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Re: Beer

Post by blake121666 » Thu Jun 28, 2018 8:44 pm

I would've replied but I haven't homebrewed in at least a few years and don't have anything particularly interesting to contribute to that. But, yeah, I have brewed my own beer - just not for quite some time now.

I've had a kajillion hobbies - many quite involved (such as beer brewing). My hobbies tend to come and go with me. It seems I tend to pickup hobbies mainly to see what something is all about - and do it myself. I've always done that. I like to know hands-on what things are all about!

I had even planned to get quite involved with all grain brewing electrically; but SO many things took up my time that I've pretty much put that on indefinite hold. Same deal with my aquaponics schemes, and ... etc!

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NSDAP
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Re: Beer

Post by NSDAP » Sat Jun 30, 2018 3:05 pm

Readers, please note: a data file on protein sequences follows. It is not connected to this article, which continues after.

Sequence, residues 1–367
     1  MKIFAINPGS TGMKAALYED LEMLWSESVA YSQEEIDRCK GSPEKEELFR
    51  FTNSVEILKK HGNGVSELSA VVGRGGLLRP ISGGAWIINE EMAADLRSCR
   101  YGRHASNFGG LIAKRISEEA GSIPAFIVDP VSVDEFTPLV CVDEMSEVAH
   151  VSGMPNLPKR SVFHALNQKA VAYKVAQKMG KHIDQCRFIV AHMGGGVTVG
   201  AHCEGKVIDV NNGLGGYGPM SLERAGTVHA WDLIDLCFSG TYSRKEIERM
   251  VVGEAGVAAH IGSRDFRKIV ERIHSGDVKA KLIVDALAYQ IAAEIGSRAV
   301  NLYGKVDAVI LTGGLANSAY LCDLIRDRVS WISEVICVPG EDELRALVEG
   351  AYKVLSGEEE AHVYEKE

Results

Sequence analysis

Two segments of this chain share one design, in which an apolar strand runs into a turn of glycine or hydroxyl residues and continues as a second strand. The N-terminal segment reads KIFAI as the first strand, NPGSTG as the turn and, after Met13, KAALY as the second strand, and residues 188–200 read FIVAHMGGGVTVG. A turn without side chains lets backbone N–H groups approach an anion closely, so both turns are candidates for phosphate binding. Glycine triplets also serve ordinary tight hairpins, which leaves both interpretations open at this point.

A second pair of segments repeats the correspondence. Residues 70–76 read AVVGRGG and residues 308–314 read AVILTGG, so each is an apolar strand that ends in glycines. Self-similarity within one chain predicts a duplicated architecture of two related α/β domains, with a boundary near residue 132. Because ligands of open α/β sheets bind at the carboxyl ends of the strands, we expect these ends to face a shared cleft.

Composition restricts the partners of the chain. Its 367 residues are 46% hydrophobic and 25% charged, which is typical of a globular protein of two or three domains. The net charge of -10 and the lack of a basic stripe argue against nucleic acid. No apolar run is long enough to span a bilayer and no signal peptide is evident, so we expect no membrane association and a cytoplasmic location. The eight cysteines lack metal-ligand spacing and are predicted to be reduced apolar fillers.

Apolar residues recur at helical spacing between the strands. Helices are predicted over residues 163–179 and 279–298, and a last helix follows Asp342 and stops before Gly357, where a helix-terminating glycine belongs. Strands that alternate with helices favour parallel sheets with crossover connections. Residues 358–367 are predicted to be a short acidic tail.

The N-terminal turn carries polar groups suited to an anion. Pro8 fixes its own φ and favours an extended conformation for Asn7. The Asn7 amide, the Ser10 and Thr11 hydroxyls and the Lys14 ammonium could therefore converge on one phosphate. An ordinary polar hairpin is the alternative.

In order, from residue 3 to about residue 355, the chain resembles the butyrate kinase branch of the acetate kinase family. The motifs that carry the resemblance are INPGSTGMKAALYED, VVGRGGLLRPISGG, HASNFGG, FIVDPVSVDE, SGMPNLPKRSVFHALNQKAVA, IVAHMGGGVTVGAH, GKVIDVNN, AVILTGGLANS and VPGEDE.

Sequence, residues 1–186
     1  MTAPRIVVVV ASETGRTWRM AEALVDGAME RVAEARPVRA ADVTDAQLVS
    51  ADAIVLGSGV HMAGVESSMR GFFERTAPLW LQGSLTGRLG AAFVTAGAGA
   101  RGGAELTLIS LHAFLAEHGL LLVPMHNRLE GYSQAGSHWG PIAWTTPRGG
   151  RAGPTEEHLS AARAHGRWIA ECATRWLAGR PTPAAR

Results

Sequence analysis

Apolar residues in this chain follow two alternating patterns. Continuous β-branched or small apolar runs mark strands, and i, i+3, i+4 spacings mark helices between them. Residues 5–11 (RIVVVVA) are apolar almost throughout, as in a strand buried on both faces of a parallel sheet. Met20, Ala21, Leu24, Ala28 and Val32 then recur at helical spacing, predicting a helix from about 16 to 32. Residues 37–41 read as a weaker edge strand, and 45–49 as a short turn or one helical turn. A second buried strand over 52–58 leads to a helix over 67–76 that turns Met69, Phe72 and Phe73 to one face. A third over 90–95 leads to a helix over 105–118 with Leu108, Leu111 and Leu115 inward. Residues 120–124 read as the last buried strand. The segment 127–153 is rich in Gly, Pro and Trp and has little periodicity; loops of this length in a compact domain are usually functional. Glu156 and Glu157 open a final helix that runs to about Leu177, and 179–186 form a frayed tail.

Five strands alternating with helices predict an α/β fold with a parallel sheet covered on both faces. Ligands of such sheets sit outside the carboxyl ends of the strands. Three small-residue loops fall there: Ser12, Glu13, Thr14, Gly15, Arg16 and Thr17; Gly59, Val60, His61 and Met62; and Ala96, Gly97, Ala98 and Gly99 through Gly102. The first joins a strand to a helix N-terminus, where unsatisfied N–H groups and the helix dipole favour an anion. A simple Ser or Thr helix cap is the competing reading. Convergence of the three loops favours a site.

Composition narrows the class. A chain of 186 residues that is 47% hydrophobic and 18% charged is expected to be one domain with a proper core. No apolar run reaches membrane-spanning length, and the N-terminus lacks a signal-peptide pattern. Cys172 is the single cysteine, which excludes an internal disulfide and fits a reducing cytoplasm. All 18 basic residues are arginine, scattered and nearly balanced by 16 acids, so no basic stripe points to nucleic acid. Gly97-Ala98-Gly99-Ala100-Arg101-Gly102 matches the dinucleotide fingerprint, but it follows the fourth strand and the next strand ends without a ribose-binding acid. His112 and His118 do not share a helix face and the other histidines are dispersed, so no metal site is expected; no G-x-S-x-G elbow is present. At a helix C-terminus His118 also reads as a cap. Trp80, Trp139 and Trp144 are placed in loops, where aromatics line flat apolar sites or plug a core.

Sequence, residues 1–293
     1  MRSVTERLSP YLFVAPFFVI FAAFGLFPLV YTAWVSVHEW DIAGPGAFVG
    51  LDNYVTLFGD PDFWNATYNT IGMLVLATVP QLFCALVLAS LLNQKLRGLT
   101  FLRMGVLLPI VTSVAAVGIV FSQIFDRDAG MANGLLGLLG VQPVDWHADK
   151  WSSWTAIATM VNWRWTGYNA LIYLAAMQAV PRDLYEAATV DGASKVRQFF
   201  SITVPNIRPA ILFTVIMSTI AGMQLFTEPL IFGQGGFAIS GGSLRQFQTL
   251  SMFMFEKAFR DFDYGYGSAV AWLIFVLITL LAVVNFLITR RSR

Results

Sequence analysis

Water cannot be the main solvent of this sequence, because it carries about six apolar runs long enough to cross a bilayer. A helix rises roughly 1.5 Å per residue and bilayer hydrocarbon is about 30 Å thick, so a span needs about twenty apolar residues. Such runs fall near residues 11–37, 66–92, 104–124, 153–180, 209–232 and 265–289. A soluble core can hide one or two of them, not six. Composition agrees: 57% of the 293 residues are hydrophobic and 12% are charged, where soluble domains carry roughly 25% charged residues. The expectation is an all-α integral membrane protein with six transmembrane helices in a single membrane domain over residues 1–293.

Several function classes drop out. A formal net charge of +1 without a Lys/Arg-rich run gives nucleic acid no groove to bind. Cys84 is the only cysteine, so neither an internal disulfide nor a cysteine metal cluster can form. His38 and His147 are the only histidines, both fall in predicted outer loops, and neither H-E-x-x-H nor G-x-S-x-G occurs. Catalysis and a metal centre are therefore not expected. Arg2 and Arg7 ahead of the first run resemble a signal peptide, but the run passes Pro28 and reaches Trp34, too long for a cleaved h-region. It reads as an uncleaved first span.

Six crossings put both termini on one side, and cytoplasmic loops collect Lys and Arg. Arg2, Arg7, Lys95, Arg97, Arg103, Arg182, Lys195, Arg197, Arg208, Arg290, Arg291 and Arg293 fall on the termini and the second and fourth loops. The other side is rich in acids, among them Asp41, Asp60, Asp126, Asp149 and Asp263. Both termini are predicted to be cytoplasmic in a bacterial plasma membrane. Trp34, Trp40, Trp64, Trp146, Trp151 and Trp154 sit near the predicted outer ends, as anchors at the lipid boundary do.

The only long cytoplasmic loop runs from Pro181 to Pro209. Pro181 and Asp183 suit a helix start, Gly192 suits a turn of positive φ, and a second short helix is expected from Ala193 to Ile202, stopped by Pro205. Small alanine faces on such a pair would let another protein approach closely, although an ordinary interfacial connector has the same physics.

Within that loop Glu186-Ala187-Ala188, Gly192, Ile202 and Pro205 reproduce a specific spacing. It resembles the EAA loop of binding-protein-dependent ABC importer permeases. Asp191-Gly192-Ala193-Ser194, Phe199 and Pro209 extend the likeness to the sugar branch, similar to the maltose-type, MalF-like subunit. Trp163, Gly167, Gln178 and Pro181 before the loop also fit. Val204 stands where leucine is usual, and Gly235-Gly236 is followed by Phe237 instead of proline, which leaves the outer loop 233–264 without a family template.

ArronG wrote:
Mon Jun 25, 2018 1:52 pm
How did you start home brewing, NSDAP?
Runs in the family; father was a keen brewer and like most Germans drank gallons of the stuff. I guess living in Bayern, beer is an important part of the culture along with the house flower pots, lederhosen, yodeling and all the other stuff the Austrians have borrowed. :) I'm not a great fan of the MacBeers such as Heineken, Stella Artois and Pilsner Urquell made in the Czech Republic, but it is fun to visit the local breweries. When going overseas it is great that the Craft Brewing scene has taken off, though on a hot day one would drink anything, yup even Corona. Craft Brewing is even challenging the vodka loving Russians.